A day like today needs color and that's exactly what I set out to find. So here it is:

A lone sunflower in a field, despite it being way past sunflower season

The red Swiss flag, flapping cheerily in the breeze

And all the wildflowers I could find, in a bunch.

Day made. :)

If everything looks grey, you just haven't looked hard enough. Go find the color.

Have a fantastic fall day! 

Saturday, October 16, 2010

Day 47 - Welcome to America, Land of Red Plastic Cups

Whether or not I like it, I am a representative of the United States. The way I look, talk, and act is a product of American culture to a certain extent. Now, I don't think I necessarily do such a bad job at this. I'm certainly trying my hardest not to feed into the European stereotype of a typical American. Thus far I have avoided the following stereotypical behaviors:

  • Speaking loudly in English regardless if people understand me or not
  • Wearing a fanny pack
  • Eating at McDonald's
  • Drinking myself silly in a bar
  • Starting all my sentences with "Well, back in the States we do it like this"
  • Calling things "quaint" or exclaiming how small everything is
  • Having a "my way or the highway" attitude
  • Being morbidly obese
It's not that I'm ashamed to be American. I love my country, but I'm also mindful of our bad reputation overseas. Thus, I do not feel the need to march around waving the flag while singing the Star Spangled Banner.  But I also can't hide it either.  Let's be honest: my entire wardrobe is from Gap, Ann Taylor Loft, and Old Navy.  Even if I were head to toe in H&M and Zara, the minute I open my mouth everyone knows that is not real French coming out.

Fortunately the Swiss are kind, accommodating people. The moments where I've felt silently condemned for my citizenship have been limited to one interaction with a really grouchy waitress.  But I'm pretty sure she was just having a bad day.

In general I don't get asked very many questions about what it's like back home because, let's be real, everyone gets an idea from turning on a TV.  I have only met one person who was eager to talk to me when he found out I was from the U.S. Here's how it went.

My French class is a mixture of Swiss Germans, Portugese, Scots, and then there's me. One of the Swiss Germans is a teenage guy who, like every teenage guy, spends the whole class cracking up at what he thinks are double entendres that the instructor is saying.  (Clearly needs to pay more attention to what she's actually saying...) Well on the first day we were introducing ourselves and his eyes lit up when he heard me say I was from the U.S. The instructor stepped out of class for a minute and he comes right over.

Him: "You are American?"
Me: "....yes."
Him: "I have a question I have always want to ask an American!"
Me: "ok, what is it?"
Here I get excited thinking, what sort of political/economical/social conundrum does he want to discuss? It's my first international meeting of the minds! Alert the U.N.!
Him: "When you have the house parties, do you really have your drinks in red plastic cups?"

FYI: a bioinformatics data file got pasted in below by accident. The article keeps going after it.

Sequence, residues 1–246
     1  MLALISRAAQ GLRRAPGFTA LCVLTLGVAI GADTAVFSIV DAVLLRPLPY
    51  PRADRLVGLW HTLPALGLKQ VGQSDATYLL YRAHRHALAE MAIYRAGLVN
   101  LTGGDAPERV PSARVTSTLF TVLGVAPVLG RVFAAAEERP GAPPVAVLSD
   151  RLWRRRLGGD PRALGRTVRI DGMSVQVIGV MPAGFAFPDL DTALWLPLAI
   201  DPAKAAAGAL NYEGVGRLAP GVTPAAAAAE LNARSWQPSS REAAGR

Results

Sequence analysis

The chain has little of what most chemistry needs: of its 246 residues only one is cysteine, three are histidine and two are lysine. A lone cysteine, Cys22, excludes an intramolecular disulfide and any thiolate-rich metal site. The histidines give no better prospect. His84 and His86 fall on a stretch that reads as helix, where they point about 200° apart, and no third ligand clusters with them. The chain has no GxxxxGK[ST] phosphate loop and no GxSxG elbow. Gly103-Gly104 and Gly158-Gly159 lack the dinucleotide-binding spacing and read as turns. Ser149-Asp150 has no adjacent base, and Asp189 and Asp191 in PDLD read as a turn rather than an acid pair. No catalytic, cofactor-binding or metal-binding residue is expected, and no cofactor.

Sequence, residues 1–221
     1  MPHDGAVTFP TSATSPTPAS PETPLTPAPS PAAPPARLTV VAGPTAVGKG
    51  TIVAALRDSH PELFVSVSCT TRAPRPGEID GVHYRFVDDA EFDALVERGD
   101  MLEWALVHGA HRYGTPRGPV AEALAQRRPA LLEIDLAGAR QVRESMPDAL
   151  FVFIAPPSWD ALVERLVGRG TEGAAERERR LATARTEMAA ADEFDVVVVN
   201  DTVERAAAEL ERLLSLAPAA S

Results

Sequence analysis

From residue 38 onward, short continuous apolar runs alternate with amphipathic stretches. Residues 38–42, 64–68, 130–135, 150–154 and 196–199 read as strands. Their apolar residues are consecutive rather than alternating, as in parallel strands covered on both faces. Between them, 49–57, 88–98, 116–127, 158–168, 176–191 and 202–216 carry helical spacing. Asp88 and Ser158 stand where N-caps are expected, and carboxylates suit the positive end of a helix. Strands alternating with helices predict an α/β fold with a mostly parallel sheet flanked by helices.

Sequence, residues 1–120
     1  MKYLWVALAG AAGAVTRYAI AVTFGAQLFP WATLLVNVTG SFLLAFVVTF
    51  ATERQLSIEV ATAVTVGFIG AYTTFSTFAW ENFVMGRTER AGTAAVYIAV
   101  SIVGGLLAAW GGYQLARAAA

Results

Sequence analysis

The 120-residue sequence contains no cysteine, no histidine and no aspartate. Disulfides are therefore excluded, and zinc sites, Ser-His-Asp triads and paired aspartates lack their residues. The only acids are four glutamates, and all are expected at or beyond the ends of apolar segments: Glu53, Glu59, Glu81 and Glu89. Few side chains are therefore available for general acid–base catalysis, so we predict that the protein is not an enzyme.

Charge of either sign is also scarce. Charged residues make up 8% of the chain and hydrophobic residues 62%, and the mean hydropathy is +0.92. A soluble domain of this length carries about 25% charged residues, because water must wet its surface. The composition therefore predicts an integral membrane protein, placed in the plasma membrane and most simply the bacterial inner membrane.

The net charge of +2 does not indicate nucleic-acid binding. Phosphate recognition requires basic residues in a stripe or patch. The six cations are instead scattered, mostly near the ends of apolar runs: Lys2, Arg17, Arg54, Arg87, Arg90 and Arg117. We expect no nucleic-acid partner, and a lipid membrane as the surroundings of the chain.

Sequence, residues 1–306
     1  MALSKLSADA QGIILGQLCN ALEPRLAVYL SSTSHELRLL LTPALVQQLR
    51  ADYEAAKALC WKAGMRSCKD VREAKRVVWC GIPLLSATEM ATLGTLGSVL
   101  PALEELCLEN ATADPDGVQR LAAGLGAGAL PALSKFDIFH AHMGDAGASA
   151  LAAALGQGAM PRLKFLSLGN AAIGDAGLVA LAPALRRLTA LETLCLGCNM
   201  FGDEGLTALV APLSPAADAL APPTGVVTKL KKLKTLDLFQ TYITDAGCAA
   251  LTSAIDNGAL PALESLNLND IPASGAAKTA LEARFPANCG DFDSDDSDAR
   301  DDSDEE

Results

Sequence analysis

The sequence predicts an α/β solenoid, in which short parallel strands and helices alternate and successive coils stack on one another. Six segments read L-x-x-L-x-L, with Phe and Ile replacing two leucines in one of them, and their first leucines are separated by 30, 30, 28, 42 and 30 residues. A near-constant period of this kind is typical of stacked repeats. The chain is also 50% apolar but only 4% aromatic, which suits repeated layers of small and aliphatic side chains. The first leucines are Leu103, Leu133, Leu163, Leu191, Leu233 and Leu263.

Me: "...what?"
Him: "You know, the cups, for the game of drinking and with the small balls? I see this in the movies and on TV!"
Me: "Are you asking me about red plastic cups? and BEER PONG?"
Him: " Yes, yes!"
Me: ".......yes. that's uh...that's a real thing."

Glad to know the youth of Switzerland are concerned with top international issues. Thanks, MTV Europe. What a disappointment. I doubt there is anyone is less qualified to discuss the college party scene than me. If this is what they're looking for in an American well I should just pack my bags now.  
Otherwise, if you have any other questions, I'll be over here in my bright blue wind-breaker pretending to like sausage.

God Bless America.

Friday, October 15, 2010

Things I Love This Week

Some weeks are easier than others. This was not one of those. Fortunately there are still little things that bring moments of pure joy. Thus I can say, I love this week too. 
  • Making mini chocolate cupcakes with coconut cream cheese frosting
  • Belle and Sebastian's latest album, Write About Love - like you stepped into the sounds of a Wes Anderson film. 
  • Meatballs from Ikea
  • Walking to the farm, buying fresh eggs, and then promptly eating them all for lunch. Nothing like toast and fried eggs in the middle of the day.
  • Feeding leaves to the goats next door. I crack up every time. Those crazy goats will eat anything.
  • The sights along my walk: wildflowers, cows with clanking bells lazily chewing cud, the horses that always stop what they're doing, ensemble, to watch me run by. I like to think it's my excellent form, but it's probably because I always wave and shout "BONJOUR, LES CHEVAUX!" (Translation: HEY HORSES!) as I pass.
  • Getting new piano music in the mail
  • After a shower, drying my hair in the sun
  • My new navy v-neck sweater from H&M. Less about the sweater and more about only paying 14 CHF for it.  I feel like I cheat the Swiss economy every time I buy something on the cheap.
  • Being happy purely because something good happened to another person
  • This article in the New Yorker on social activism and social media. Summary: tweeting about the need for clean water in 3rd world countries is not as effective as going to Kenya and digging a well.
Keeping it short because I have other posts up my sleeve. Sorry for the lack of pictures. Haven't taken any new ones in the last week.